Crile went to work for the city in the Engineering Department at the age of 22. Three years later, former Recreation and Parks director Dave Pritchard hired her “because she could get things done.” Looking back on what Crile built on top of what was accomplished during Pritchard’s tenure, he said she simply made something good even better.

“We kind of made the cake and she put the frosting on it and made it really nice,” Pritchard said. “It’s always been exciting to see what was coming next because I had been a part of it when it was just talk.”

In addition to boosting the cultural arts in the city, Crile also has overseen the expansion of neighborhood recreational opportunities.

Crile’s latest accomplishment is the completion of a Community Cultural Arts Master Plan. “The whole document is a vision of what we want to be,” she said.

She also led the drafting of a 10-year Recreation and Parks Master Plan that is tied to the city’s Vision 2035 Plan. Among the goals is to have a park within a half mile of every resident, expanded walking trails and connectivity of those trails throughout the city.

“Our City Council just gets it,” Crile said of the plans she has helped write. “During the recession, cities were closing parks and rec, and Ocala was investing in parks and rec. They understand the value of recreation and the cultural arts. We are very forward thinking, but we don’t always have the resources to do what we want.”

Her final project to guide to reality was the new Mary Sue Rich Community Center – what Crile calls the city’s first true community center. Located on the west side on the old Royal Oak charcoal plant site, the facility will sit between the Lillian Bryant Recreation Center and the new Ocala Wetland Recharge Park, the new community center will create “an amazing corridor” for recreation and sports.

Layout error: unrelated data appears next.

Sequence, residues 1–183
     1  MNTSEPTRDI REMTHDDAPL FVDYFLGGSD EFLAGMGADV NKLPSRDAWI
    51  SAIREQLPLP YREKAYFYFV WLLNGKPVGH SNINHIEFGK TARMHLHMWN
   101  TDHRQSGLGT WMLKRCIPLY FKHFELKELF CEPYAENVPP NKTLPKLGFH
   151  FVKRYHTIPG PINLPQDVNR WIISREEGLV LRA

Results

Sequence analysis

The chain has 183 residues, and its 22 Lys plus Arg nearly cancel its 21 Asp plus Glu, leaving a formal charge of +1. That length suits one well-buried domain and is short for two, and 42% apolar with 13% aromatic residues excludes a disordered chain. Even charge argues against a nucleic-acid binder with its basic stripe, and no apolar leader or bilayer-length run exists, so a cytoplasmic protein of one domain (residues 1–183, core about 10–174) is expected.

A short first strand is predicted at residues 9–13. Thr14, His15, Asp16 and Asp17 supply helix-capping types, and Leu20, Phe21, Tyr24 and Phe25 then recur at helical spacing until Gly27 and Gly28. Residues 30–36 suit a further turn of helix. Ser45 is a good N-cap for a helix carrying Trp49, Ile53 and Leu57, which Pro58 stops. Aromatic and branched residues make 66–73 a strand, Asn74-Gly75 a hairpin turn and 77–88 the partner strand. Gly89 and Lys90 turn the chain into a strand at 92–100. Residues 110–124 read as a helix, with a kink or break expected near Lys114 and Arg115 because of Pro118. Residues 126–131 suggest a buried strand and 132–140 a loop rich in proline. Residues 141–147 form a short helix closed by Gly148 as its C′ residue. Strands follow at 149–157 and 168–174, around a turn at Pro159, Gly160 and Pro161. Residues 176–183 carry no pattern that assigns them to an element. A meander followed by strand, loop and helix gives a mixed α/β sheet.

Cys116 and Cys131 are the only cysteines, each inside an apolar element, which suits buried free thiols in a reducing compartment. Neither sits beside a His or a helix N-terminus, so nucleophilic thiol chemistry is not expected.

Crile said she never saw her department as a pacesetter but rather a helping hand for citizens wanting to make the community better.

“Our model is really set up to help other people be successful running events,” she said.

Nonetheless, there is little doubt Crile and her team have had a definitive impact on the look and feel of the community, especially when it comes to the arts.

“Just look around, the arts have exploded,” said Jaye Baillie, executive director of the Marion Cultural Alliance. “The arts are just everywhere. I’ve worked with Kathy a lot and she’s one of the smartest ladies I know. She gets things done. I’m a huge fan.”

Crile and her husband, Richie, have four grown sons and five grandchildren, whom she plans to spend a lot more time with.

“I started when I was 22, and I’ve literally raised my family at the city of Ocala,” she said.

She plans to remain visible and active in the community. The Fort King project is of particular interest to her and she said she will remain involved in its progress.

“The economic impact of it will be amazing once it’s complete,” she said.

As for what she leaves behind after 32 years?

“It’s a completely different community,” she said. “You know, they used to call Ocala ‘The Friendly City.’ And it really is the friendly city. There are so many good people here.”